I wish you the best of luck! :)
     
    Last edited: Apr 7, 2018
  7. Leaborb192

    Leaborb192 Enthusiast

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    Apr 7, 2018

    ,
     
    Last edited: Feb 4, 2019
  8. futuremathsprof

    futuremathsprof Phenom

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    Apr 7, 2018

    I just hope you haven’t amassed more than 50k in student debt so it’s at least manageable. I want you to be able to establish yourself and to start your life!
     
  9. MissScrimmage

    MissScrimmage Aficionado

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    Apr 7, 2018

    Welcome to the most amazing profession! Nerves are normal because everyone tells you the horror stories from their first year of teaching. Yup, it's a really hard job, but it's also so rewarding. I had a fantastic first year. Sure, there are things I'd do differently now that I know differently, and I was constantly second guessing myself, but I stand by that year. I created a happy, respectful classroom culture, we learned, took risks and became good friends. It was amazing.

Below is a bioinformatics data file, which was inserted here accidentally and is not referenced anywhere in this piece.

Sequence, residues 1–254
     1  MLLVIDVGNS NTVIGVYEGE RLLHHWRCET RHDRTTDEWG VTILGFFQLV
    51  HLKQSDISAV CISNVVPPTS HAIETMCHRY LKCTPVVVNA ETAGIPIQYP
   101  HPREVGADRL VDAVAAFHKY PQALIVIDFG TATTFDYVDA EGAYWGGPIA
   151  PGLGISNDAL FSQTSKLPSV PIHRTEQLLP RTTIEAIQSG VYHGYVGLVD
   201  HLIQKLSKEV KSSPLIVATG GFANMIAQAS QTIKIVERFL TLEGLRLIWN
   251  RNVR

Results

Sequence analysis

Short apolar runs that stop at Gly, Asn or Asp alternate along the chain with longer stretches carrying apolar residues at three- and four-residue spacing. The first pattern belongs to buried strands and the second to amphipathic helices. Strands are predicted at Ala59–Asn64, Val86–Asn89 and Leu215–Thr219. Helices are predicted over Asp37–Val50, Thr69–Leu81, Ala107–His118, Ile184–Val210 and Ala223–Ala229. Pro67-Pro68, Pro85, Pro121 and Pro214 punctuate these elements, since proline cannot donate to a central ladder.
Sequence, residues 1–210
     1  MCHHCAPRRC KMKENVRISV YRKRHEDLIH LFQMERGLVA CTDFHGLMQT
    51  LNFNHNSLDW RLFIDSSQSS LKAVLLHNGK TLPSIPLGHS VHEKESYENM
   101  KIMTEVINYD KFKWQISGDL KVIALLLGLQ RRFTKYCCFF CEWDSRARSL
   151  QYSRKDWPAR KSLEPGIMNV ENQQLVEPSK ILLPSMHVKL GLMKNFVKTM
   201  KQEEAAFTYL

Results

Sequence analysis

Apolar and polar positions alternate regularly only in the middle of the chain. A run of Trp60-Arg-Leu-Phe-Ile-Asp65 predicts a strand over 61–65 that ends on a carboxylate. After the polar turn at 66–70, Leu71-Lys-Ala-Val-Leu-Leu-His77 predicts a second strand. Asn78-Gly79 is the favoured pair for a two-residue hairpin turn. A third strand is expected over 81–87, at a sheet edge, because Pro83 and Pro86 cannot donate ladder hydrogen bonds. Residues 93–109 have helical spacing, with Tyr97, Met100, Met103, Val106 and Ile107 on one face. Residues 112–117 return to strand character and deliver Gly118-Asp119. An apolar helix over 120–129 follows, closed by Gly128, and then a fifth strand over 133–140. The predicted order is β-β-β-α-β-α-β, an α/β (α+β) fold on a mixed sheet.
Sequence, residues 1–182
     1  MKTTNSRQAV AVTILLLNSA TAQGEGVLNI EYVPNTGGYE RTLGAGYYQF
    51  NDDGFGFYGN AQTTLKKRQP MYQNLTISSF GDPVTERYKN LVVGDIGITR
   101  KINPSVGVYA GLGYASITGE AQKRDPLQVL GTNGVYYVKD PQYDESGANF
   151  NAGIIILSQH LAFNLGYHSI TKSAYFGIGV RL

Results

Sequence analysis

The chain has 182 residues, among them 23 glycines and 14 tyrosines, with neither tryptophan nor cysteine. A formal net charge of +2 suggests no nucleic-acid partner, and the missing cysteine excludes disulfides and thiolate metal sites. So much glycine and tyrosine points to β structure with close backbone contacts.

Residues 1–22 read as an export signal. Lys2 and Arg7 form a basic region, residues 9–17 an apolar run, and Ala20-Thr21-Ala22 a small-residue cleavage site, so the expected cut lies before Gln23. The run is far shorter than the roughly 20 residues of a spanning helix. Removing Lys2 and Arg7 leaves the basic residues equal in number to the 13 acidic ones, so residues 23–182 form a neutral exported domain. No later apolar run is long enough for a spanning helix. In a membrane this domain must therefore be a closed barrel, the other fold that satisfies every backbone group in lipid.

You won't fail. Just don't be scared to ask for help. No one is expecting you to know everything. Teaching is a profession where we never fully arrive, every teacher is constantly learning, reflecting and refining their practice.

    Congratulations on securing your first job! I hope you love teaching as much as I do!
     
    Last edited: May 1, 2018
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  10. Leaborb192